Neither the secular nor ecclesiastical Russia of the second half of the nineteenth century left much room for women’s activity outside the home. The situation slowly began to change by the
turn of the century when women started to gain access to higher education, jobs, and so forth. From the outset the Radstockist-Pashkovite movement was strongly characterised by the active participation of women. In fact the movement
started with women inviting Lord Radstock to St. Petersburg and opening their homes to his sermons/preaching. This article reveals the Pashkovite women to be the main missionaries as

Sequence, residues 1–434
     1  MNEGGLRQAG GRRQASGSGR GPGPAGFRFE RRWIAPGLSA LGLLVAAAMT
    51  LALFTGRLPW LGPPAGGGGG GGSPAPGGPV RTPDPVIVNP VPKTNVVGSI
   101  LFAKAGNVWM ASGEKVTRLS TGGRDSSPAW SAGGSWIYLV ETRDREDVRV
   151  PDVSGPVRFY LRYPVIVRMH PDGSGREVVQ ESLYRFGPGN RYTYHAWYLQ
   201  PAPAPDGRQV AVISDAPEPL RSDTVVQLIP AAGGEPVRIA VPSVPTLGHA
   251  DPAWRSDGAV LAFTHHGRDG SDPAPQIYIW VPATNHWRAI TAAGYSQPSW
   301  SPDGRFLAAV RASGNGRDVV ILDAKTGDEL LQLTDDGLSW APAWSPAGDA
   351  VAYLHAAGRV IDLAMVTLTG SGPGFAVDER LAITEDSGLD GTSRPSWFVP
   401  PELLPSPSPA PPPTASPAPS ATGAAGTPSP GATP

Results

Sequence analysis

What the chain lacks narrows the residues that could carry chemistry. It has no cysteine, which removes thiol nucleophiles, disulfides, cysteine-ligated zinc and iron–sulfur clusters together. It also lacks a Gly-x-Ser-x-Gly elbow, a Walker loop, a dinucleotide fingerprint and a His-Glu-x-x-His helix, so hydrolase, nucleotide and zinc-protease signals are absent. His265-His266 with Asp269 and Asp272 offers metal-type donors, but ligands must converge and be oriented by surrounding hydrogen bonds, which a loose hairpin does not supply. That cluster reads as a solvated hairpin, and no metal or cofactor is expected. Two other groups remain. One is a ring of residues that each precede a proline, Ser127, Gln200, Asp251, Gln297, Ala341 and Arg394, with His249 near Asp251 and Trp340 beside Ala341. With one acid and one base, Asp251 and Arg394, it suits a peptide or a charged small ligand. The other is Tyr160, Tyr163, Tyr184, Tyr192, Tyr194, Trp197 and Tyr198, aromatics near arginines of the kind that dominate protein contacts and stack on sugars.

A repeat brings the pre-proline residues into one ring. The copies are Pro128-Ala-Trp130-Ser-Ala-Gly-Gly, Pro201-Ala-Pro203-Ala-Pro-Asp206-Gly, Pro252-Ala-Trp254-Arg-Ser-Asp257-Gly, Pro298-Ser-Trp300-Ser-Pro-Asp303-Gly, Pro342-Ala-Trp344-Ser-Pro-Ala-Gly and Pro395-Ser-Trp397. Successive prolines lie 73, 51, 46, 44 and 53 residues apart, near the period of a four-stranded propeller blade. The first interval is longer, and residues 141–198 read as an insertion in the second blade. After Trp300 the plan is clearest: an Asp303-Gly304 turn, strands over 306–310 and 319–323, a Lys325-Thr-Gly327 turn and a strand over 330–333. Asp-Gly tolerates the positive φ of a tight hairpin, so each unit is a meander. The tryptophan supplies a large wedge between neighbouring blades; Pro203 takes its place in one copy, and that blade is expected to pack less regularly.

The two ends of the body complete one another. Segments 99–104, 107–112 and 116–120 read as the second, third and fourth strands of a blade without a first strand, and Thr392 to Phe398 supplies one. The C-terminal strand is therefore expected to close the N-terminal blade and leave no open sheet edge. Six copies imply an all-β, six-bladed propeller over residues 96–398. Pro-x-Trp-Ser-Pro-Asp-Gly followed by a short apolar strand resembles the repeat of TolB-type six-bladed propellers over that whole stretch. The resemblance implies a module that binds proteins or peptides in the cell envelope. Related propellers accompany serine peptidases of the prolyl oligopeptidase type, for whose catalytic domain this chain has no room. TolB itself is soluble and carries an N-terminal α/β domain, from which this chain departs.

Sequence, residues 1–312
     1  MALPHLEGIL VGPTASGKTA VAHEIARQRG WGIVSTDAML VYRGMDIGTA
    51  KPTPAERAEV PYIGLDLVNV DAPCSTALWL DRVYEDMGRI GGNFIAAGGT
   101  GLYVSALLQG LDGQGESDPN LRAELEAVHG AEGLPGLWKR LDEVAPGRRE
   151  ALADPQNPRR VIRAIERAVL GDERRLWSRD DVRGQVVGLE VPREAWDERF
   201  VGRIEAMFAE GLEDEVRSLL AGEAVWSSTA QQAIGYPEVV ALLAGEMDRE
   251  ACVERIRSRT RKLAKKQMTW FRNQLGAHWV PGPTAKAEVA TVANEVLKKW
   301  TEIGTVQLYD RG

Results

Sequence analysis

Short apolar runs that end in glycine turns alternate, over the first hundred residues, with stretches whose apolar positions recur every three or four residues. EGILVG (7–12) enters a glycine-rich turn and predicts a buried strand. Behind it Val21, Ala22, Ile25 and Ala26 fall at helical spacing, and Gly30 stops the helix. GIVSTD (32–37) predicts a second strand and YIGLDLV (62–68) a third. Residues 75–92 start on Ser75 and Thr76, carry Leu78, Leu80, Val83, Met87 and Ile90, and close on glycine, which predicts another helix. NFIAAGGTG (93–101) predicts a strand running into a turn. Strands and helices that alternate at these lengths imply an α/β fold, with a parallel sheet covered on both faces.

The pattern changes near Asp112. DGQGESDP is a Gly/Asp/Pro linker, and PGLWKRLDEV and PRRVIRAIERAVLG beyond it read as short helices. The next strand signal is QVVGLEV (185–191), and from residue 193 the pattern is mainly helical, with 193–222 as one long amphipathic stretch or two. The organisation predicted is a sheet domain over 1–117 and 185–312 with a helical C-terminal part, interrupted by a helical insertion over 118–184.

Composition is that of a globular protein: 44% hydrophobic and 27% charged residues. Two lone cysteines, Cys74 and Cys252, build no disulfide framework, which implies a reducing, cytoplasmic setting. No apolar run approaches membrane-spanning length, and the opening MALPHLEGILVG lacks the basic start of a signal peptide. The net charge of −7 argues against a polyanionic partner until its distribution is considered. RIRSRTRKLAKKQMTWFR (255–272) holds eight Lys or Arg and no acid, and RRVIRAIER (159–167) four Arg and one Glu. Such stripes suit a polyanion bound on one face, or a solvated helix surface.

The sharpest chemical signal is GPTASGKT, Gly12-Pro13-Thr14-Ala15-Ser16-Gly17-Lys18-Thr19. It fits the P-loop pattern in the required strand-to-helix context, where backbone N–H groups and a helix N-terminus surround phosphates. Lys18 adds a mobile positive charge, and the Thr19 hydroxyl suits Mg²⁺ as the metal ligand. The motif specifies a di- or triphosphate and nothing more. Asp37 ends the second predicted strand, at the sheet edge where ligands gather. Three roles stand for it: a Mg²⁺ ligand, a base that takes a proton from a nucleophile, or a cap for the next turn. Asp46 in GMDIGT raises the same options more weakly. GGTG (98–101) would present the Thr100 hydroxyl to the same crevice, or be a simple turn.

the movement spread across the capital. They participated actively in various philanthropic projects. Finally they spared the Pashkovite movement in St. Petersburg some difficult times
after the exile of its original leaders in 1884.